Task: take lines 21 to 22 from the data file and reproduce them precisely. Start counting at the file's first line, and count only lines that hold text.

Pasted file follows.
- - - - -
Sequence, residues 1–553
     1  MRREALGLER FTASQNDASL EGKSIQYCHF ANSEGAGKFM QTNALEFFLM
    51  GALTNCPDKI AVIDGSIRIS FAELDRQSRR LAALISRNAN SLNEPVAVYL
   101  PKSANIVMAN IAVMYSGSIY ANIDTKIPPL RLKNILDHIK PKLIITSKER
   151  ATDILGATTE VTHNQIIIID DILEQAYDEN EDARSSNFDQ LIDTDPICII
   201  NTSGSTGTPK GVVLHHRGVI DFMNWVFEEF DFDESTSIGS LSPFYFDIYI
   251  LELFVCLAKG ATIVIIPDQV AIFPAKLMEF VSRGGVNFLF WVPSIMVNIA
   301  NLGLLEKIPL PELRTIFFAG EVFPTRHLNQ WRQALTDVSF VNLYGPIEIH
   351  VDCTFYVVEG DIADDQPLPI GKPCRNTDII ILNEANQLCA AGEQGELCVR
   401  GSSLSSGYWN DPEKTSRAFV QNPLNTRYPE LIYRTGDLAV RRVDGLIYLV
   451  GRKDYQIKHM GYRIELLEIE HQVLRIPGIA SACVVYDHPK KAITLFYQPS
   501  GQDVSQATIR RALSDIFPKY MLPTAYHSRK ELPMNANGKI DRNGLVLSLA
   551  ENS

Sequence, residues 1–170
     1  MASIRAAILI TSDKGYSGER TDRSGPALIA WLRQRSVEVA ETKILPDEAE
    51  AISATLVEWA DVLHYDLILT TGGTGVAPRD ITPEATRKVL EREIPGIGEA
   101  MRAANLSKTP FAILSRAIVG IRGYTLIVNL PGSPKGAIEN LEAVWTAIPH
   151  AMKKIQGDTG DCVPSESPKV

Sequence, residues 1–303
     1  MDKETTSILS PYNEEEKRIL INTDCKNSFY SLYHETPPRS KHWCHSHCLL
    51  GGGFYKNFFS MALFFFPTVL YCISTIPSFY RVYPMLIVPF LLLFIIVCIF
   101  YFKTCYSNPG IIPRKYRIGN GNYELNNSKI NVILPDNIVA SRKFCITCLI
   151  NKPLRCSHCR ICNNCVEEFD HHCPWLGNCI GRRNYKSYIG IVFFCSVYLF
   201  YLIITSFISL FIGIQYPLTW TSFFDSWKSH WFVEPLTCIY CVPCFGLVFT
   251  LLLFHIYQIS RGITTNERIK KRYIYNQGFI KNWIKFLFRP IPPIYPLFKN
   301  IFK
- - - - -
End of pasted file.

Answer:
    51  GGGFYKNFFS MALFFFPTVL YCISTIPSFY RVYPMLIVPF LLLFIIVCIF
   101  YFKTCYSNPG IIPRKYRIGN GNYELNNSKI NVILPDNIVA SRKFCITCLI